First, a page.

DB Peyton Bowen, Oklahoma: One of the top-ranked safeties in the 2023 class, Bowen will compete for immediate playing time somewhere in the Oklahoma secondary. The Denton, Texas, product displayed strong run and pass defense in high school tallying over 200 tackles with 12 interceptions in his last three seasons. Bowen will aim to boost a Sooners defense that finished second-to-last in total defense in the Big 12 last season. Oklahoma's Big 12 opener is at Big 12 newcomer Cincinnati on Sept. 23.

DB Caleb Downs, Alabama: Downs will look to join former Alabama defensive backs like Marlon Humphrey, Patrick Surtain II and Terrion Arnold as an FWAA Freshman All-American this season. The true freshman’s 269 total tackles and 19 interceptions in high school helped him earn a consensus five-star rating. Downs has a strong chance to start for the Crimson Tide after they lost both starting safeties to the NFL Draft. The Hoschton, Ga. product will look to uphold an iron-clad standard for an Alabama secondary that allowed just 186 yards per game in 2022. Downs and the new defensive backs will be tested early when No. 11 Texas’ loaded pass game comes to Tuscaloosa on Sept. 9.

OL Francis Mauigoa, Miami: Mauigoa is exactly the type of top-shelf prospect that head coach Mario Cristobal was hired to sign. The true freshman’s value is even higher than his consensus five-star rating considering the Hurricanes are looking to replace several starting linemen from 2022. The 6-foot-6, 315-pounder has a strong chance to start week one but will have to fend off fellow five-star freshman Samson Okunlola. Mauigoa will look to help a Miami offense that finished ninth in total offense in the ACC last season. The Ili’ili, American Samoa, product will face his first major challenge when a talent-stacked Texas A&M defensive line visits on Sept. 9.

QB Dante Moore, UCLA: Moore is in a unique situation for a freshman quarterback in the transfer portal era. The consensus five-star player is battling in a wide-open QB competition, perfect for a high-rated freshman to claim the job. The 2023 All-American Bowl MVP was a four-year starter at Martin Luther King High School in Detroit, totaling 9,880 yards passing, 135 touchdowns and just 20 interceptions. He would be UCLA’s first true freshman to start week one at quarterback since Josh Rosen in 2015.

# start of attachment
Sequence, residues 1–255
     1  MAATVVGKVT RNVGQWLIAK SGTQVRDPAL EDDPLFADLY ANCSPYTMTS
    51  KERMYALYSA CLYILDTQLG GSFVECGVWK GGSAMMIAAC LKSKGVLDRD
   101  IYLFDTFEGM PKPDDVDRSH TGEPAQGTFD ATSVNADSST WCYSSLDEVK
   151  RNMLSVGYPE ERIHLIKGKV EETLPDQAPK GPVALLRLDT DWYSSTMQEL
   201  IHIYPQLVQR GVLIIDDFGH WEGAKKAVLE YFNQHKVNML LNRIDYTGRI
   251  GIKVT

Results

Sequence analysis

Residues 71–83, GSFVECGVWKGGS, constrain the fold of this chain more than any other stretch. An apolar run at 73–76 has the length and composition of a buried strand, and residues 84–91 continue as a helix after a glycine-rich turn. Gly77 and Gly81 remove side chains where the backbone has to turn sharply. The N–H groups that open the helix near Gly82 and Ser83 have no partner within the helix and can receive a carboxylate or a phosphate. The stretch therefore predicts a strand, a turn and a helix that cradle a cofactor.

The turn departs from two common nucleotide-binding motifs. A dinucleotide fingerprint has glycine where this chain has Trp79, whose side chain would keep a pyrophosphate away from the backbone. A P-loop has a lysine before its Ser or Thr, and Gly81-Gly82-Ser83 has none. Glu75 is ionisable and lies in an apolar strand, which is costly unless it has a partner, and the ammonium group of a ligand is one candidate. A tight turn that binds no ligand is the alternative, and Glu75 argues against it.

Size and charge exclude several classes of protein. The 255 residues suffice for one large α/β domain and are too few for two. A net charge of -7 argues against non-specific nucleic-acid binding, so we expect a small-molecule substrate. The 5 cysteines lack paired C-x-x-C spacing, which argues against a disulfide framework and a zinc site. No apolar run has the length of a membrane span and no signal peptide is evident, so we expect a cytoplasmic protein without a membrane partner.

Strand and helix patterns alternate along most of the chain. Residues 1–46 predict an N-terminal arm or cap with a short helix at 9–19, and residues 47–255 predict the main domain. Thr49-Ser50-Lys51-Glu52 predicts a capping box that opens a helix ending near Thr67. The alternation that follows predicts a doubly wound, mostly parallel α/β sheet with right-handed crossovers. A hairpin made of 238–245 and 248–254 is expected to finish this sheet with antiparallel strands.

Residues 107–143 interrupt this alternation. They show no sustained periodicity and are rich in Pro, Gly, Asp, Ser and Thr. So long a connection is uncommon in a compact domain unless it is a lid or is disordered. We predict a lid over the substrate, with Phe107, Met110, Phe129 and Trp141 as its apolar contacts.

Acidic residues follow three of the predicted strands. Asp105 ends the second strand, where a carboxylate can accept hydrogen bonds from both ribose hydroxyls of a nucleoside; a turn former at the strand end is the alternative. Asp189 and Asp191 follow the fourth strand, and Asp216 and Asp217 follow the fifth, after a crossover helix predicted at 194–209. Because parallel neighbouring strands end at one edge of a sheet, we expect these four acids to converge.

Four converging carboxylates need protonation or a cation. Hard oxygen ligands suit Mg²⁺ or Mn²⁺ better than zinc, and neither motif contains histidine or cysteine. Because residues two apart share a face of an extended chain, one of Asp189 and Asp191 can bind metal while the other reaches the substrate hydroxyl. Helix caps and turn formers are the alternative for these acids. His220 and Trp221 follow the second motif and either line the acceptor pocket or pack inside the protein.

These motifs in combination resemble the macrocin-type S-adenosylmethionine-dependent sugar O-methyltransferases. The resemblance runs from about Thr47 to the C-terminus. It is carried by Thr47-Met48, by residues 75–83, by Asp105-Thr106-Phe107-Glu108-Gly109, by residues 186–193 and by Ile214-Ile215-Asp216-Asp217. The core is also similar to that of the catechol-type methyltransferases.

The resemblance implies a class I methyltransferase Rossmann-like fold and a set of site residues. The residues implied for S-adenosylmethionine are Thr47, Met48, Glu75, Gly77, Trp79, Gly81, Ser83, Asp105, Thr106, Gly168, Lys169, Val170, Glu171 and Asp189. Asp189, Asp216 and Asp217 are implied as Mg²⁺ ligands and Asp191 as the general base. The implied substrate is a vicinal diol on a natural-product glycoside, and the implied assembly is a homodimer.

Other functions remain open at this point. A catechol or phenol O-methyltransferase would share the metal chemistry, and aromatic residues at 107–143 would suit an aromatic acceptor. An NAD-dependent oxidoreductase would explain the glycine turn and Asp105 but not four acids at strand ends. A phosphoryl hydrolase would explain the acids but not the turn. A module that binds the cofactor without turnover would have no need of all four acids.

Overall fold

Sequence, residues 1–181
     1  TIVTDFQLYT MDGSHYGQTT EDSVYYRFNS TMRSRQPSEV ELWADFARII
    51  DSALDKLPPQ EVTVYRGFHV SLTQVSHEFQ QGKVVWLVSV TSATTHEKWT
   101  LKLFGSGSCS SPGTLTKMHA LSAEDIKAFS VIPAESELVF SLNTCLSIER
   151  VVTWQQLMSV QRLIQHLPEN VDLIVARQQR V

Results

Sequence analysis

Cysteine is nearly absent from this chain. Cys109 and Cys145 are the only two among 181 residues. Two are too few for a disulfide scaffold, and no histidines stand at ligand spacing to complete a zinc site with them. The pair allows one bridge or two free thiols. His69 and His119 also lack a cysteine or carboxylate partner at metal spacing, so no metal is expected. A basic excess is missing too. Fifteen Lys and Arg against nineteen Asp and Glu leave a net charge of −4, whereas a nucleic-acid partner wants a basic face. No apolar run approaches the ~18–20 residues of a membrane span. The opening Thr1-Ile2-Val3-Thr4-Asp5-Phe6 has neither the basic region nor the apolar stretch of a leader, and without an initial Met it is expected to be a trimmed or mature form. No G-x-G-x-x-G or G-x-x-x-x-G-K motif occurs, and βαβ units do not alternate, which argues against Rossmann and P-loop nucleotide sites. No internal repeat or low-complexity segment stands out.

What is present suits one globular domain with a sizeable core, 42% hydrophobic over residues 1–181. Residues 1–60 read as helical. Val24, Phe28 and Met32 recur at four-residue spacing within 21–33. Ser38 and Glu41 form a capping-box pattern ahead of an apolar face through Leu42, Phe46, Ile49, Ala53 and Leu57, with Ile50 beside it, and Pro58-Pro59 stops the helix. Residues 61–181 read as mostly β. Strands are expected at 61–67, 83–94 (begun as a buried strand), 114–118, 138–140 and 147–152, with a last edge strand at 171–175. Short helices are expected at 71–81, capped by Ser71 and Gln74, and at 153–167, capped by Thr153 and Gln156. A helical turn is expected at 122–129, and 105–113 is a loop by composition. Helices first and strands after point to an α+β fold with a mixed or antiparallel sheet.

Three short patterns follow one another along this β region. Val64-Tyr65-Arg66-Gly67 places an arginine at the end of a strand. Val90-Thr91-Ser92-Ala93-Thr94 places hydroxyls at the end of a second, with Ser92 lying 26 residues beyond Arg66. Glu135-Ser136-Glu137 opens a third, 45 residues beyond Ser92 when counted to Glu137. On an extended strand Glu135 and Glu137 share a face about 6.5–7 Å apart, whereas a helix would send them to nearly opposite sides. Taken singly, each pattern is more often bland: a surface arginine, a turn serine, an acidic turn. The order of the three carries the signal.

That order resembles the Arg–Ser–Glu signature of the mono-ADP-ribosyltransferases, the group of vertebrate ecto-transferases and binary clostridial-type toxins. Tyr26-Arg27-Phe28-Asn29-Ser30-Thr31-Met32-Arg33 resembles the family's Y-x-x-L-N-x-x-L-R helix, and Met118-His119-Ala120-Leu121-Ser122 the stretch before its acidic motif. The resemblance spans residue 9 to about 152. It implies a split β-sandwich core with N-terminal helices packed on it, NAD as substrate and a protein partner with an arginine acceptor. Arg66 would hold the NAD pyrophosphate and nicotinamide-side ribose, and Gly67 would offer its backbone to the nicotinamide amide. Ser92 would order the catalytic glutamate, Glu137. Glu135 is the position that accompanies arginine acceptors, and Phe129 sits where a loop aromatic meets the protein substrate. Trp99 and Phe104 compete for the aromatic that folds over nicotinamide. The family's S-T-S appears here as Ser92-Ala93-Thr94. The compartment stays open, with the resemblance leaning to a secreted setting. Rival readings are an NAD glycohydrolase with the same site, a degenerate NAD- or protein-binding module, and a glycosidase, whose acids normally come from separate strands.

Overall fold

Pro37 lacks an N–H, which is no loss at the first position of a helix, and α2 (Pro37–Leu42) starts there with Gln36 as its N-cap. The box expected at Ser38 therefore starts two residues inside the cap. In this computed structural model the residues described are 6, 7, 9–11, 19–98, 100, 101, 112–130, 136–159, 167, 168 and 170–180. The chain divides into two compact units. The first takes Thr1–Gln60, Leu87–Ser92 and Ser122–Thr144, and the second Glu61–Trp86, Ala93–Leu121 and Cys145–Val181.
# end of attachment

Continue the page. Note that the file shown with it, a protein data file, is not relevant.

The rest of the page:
QB Jaden Rashada, Arizona State: Rashada’s electric dual-threat abilities earned him being named as the starter in week one under new head coach Kenny Dillingham. The true freshman exploded his junior year of high school, throwing for 5,816 yards and 80 touchdowns with 592 yards and nine more scores on the ground. Rashada, a consensus four-star player, could pair very well with Dillingham, whose offense at Oregon averaged over 500 yards per game last season. The Pittsburgh, Calif., native will get plenty of reps against top competition as the Sun Devils have four teams currently ranked in the top 15 on their conference slate.

DT Peter Woods, Clemson: Woods aims to dominate at Clemson as he did at Thompson High School in Alabaster, Ala., where he won four consecutive Alabama 7A state championships. Woods compiled 260 tackles and 29.5 sacks in high school and showed tremendous versatility, lining up at tackle and end. The 6-foot-2, 315-pounder’s flexibility combined with a lack of returning starters on the defensive front should offer him plenty of opportunities to impact the defense. Woods will be charged with maintaining a stout Tigers run defense that has finished top two in the ACC for six straight years.

For more information on attending or sponsoring the February 2024 reception please contact Tricia Garzon of the JAG Agency at 352-214-2331.

Chris Doering Mortgage, based in Gainesville, Fla., was established in April 2007 as a residential lending company providing mortgage products including conventional, FHA, USDA and VA loans. The branch is a division of MortgageAdvisors.com – 3940 NW 16th Blvd., Suite A, Gainesville, FL 32605 – NMLS 70168/1937321. FHA Lender ID 2631500094. For more information, visit www.ChrisDoeringMortgage.com.  College Football analyst Chris Doering, a former player for Coach Spurrier both in college and professionally, serves as the branch manager.

Founded in 1941, the Football Writers Association of America consists of journalists, broadcasters, publicists, photographers and key executives in all areas of college football. The FWAA works to govern media access and gameday operations while presenting awards and honors, including an annual All-America team. For more information about the FWAA and its programs and initiatives, contact Executive Director Steve Richardson at 214-870-6516 or tiger@fwaa.com.